LACMA film show will go on

Program was to shut down in October

The Los Angeles County Museum of Art's film program, which was to be shut down in October, has been granted a stay of execution.

The program will continue to operate until at least June thanks to a grant of $150,000 from the Hollywood Foreign Press Assn. and Time Warner Cable in a partnership with Ovation TV.

LACMA said last month that it was closing the weekend film program, a staple at the museum during the past four decades, because it had lost $1 million during the past 10 years. It also said Ian Birnie, the program's director for 13 years, would become a consultant.

The decision provoked an outcry in Los Angeles' film community.

The HFPA, which produces the Golden Globe Awards, and Time Warner Cable, along with Ovation, are giving the museum $75,000 apiece so the program can continue without interruption through the museum's current fiscal year.

It is unclear what role Birnie will have under the extension. A museum spokeswoman said Wednesday that the parties "are still in discussions."

Additionally, TWC and Ovation will embark on a $1.5 million marketing effort to promote the program across their multiple media platforms locally and nationally.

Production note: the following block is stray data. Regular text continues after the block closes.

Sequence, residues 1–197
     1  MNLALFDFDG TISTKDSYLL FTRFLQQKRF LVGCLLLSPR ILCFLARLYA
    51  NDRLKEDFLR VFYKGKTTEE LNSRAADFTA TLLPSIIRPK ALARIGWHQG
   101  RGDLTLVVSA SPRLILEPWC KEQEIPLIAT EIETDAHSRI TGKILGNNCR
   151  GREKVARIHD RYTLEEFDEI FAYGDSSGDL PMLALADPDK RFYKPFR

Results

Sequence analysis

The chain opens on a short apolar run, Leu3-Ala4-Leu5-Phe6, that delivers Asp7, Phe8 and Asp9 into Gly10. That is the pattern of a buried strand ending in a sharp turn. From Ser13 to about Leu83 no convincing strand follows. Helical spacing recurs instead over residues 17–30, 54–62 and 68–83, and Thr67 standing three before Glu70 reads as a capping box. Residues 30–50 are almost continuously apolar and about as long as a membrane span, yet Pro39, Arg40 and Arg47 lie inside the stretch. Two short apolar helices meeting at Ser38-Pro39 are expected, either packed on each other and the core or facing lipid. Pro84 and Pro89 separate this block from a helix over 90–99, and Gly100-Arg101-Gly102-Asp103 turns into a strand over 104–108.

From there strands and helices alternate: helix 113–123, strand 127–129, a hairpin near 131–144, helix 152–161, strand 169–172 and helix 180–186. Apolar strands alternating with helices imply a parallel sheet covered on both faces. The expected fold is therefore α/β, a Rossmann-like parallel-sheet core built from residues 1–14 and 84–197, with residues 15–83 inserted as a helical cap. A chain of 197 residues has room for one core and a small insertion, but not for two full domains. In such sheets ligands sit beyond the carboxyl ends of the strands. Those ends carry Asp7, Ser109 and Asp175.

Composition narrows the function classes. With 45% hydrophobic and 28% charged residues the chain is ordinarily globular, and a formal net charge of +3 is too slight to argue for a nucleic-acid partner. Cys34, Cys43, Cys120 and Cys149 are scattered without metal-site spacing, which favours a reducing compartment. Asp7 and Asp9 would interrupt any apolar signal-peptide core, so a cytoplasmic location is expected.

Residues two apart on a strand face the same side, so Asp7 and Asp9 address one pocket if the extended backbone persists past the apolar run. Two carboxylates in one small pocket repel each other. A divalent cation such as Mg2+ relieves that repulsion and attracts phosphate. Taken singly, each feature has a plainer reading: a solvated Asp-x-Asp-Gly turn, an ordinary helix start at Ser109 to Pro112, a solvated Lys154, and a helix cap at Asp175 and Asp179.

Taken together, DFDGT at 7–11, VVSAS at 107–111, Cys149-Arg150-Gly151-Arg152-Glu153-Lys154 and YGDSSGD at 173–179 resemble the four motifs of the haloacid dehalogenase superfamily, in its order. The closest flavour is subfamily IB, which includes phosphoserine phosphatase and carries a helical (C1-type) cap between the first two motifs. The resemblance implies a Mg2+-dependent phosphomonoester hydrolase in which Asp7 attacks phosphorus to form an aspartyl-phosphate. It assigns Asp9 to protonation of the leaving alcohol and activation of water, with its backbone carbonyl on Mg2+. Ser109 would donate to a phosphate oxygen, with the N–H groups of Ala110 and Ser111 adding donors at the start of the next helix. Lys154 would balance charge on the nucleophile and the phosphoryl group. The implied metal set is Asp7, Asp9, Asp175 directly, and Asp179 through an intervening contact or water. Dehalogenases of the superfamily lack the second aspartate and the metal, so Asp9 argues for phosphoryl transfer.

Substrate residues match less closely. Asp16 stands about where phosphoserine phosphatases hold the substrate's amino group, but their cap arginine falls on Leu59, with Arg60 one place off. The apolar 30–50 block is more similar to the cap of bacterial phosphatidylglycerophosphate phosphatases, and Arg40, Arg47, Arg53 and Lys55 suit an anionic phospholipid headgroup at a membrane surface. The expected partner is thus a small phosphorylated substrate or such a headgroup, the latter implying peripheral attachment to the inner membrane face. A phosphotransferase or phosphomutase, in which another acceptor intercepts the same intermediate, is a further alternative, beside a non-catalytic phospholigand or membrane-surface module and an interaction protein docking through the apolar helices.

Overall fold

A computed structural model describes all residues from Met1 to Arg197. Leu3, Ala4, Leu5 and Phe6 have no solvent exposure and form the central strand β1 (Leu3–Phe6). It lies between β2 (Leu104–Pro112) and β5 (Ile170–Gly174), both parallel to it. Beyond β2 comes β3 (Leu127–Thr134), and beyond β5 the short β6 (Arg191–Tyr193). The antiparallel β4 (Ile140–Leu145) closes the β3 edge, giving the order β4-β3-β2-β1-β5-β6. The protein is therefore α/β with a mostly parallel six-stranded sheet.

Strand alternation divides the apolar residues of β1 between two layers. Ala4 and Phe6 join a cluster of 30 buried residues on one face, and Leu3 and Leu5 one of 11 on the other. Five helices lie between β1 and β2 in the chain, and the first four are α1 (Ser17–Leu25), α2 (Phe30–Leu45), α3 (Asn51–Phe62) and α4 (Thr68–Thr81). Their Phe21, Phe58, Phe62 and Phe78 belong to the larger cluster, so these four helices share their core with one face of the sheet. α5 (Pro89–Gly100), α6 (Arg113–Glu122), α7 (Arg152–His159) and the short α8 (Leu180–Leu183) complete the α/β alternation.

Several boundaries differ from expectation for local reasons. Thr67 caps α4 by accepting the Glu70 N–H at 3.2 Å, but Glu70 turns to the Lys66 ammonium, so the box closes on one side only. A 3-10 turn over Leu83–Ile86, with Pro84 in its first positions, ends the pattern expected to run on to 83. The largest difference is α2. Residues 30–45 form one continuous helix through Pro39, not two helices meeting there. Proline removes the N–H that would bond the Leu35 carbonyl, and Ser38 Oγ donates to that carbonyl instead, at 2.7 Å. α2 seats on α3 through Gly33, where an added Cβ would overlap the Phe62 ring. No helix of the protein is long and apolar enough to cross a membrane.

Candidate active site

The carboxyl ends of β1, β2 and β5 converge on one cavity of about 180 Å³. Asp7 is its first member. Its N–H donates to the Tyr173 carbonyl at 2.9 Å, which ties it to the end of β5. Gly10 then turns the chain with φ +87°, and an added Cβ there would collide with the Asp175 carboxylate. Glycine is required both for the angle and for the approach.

"In a tight budget year when many programs were reduced, we suspended the weekend film series in order to rebuild its foundations," LACMA director Michael Govan said. "We've been incredibly impressed by the public outcry of support for film at LACMA."

He added, "Our goal is to create a field-leading film department that captures the ever-growing importance of film and moving images in the history of art."

Govan is meeting next week with members of the Los Angeles film community who launched an online petition to save the program. It has gathered more than 2,600 signatures.

LACMA said its hopes to find sustainable philanthropic support to create a new "film department within the curatorial sphere of the museum that will be charged with critical thinking about the history and future of film as art as well as film's increasing importance in the larger narrative of art history."